How To Maintain Eye Health As You Age

Eye Health

Before we have a deep talk about eye health, let me tell a story.

When I entered my 40’s I noticed that my arms were becoming too short! In order to focus, I had to hold whatever I was trying to read farther and farther away from my face. I thought about picking up a pair of readers.

I mentioned this to a coworker and he told me to wait as long as I could before buying a pair of readers because once I got them I’d always need them. Maybe I should have listened to him but in the end, time would win out, and in order to read anything I’d need to rely on the readers.

If you’re a Baby Boomer and you don’t need some kind of eye correction, consider yourself very fortunate! When it comes to aging and maintaining eye health, we have a lot of options available. It can be a challenge but when we know what signs to look for, we can prevent or at least slow the effects of aging so that our healthy eyes can be maintained as we age. 

Eye Health Begins at 40

Regardless of your age, it is always important to get a head start in maintaining eye health. It may seem difficult to juggle it along with many other demands that you face daily, but it should be considered. When you take eye health into consideration at an early age will provide you with a way to avoid any issues later in life.

If anything, you can pass this information on to others who may benefit. By spreading the word concerning eye health and the importance to get checked early, you are helping to spread awareness.

There are many eye conditions that can show early signs in your 40s, such as dry eyes. However, dry eyes are not an age-specific condition and can affect both men and women.

Preventative Measures

It is recommended by the American Academy of Ophthalmology that starting at 40 years of age; a baseline vision screening should be conducted. Having a baseline will assist the ophthalmologist as they identify and monitor eye conditions. If anything, you should be examined at least every 3 years before you hit 50.

Eye Health at 50

Regards of the fact that many think 50 looks like 30, there are still going to be changes occurring to your eyes as you age. One condition that can begin to develop is known as presbyopia, which causes your close-up eyesight to diminish. This will require you to begin investing in near-vision glasses. Not only that, but your night vision may also start to diminish, which could be caused by your eye’s photoreceptors getting older. Other possible eye conditions that could alter your vision involve diabetes and high blood pressure.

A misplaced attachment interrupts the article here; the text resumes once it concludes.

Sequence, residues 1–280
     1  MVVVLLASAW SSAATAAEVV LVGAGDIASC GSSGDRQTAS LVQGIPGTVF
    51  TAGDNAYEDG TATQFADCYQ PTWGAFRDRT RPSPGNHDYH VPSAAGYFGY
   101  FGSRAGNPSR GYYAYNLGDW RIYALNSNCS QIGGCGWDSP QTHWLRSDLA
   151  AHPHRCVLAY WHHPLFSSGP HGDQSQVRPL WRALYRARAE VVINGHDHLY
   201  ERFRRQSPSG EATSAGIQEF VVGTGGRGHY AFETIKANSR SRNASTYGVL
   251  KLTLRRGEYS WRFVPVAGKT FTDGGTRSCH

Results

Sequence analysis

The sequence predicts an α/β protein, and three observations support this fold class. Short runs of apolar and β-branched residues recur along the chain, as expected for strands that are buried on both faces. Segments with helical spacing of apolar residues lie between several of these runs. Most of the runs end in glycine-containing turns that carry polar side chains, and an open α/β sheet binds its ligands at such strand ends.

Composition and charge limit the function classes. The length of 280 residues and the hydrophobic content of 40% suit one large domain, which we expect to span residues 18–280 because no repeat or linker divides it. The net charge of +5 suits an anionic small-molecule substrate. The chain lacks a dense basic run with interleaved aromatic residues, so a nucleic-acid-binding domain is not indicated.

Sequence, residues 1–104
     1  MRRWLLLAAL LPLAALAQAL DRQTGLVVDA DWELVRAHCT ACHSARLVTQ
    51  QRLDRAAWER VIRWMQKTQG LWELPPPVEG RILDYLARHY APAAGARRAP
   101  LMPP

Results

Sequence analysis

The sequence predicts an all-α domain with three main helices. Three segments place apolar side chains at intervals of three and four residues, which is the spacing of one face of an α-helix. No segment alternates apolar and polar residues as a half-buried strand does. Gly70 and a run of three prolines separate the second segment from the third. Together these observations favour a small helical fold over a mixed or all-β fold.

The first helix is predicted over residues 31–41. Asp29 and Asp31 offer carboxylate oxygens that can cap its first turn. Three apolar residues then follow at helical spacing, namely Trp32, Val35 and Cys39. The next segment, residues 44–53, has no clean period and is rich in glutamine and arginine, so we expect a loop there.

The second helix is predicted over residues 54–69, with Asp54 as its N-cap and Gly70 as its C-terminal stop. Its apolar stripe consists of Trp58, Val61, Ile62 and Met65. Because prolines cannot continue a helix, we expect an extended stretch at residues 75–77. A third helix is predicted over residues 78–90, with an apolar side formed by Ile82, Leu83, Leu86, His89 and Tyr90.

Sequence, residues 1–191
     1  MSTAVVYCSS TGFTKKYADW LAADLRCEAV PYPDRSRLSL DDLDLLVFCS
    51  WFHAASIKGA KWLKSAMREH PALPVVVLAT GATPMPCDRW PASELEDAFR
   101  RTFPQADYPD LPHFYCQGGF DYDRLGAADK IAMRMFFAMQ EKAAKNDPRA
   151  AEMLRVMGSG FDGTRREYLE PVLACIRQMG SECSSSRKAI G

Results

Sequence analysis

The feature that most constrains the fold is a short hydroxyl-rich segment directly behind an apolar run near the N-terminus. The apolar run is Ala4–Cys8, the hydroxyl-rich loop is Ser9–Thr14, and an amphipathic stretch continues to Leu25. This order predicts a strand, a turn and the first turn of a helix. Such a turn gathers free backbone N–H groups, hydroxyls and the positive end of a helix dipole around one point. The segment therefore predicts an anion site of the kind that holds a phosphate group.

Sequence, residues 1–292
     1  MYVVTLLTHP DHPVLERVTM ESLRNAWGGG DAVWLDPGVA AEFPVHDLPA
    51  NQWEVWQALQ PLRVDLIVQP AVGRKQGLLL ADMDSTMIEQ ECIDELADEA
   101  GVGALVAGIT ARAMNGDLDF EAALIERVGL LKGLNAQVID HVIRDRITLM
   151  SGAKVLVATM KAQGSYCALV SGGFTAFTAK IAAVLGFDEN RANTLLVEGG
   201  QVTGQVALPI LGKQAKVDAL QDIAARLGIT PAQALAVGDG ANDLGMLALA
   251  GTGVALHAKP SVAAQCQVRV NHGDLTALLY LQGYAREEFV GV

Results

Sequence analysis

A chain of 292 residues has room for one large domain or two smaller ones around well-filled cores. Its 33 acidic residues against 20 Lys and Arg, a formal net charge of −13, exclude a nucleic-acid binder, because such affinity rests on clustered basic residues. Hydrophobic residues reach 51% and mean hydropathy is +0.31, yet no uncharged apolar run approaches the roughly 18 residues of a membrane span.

Preventative Measures

  • As baby boomers, you should be focusing on preventing eye conditions so that they never occur. This means eliminating stressful situations that can raise blood pressure, thus preventing hypertension retinopathy. Also, if you are diabetic, you can begin to control it and thus prevent diabetic retinopathy.
  • Maintaining your yearly exams will help your ophthalmologist to detect glaucoma, cataracts, and macular degeneration early on. Having regular exams is a great part of maintaining healthy eyes.
  • Preventing UV rays will decrease your risk of eyelid skin cancer, cataracts, and macular degeneration. You can achieve this type of prevention by utilizing a good pair of sunglasses that are able to supply you with complete protection from UV exposure.

Eye Health at 60+ Years Old

When you hit your 60s and 70s you will notice a lot of new changes like retiring and going on more travels. For baby boomers to enjoy these experiences the most, having healthy eyes will be important. This is why you need to fully understand the signs associated with glaucoma and macular degeneration as you get older. Consult with an ophthalmologist if you have been experiencing symptoms relating to glaucoma and macular degeneration, like blurriness, glare sensitivity, and/or reduced vision.

Preventative Measures 

  • As you get older, it is important to keep up with a healthy diet with exercise. Also ensure that you get enough sleep, as this will also help support healthy eyes.
  • Understand any side effects that medications may cause. A few of the known culprits that cause vision impairment include corticosteroids, antimalarial, antihistamines, and antipsychotics. If you are taking any of these, speak to your healthcare professional about making changes.
  • No matter how old you are, it is important to always know how to take care of your healthy eyes. However, growing older always has its drawbacks and the risk is ever increasing when it concerns vision. This is why it is important that you attempt to keep up with a lifestyle full of nutrition, exercise, and yearly exams so that you can continue to see the world how it was meant to be seen.